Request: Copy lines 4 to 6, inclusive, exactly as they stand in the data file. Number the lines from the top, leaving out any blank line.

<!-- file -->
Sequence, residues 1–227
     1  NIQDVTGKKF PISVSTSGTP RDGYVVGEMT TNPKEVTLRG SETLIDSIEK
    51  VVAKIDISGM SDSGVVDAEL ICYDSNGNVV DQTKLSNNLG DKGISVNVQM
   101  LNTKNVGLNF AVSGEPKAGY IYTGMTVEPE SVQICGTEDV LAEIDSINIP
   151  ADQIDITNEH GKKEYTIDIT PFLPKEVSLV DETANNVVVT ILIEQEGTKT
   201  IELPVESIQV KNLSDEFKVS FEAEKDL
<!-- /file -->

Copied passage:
   101  LNTKNVGLNF AVSGEPKAGY IYTGMTVEPE SVQICGTEDV LAEIDSINIP
   151  ADQIDITNEH GKKEYTIDIT PFLPKEVSLV DETANNVVVT ILIEQEGTKT
   201  IELPVESIQV KNLSDEFKVS FEAEKDL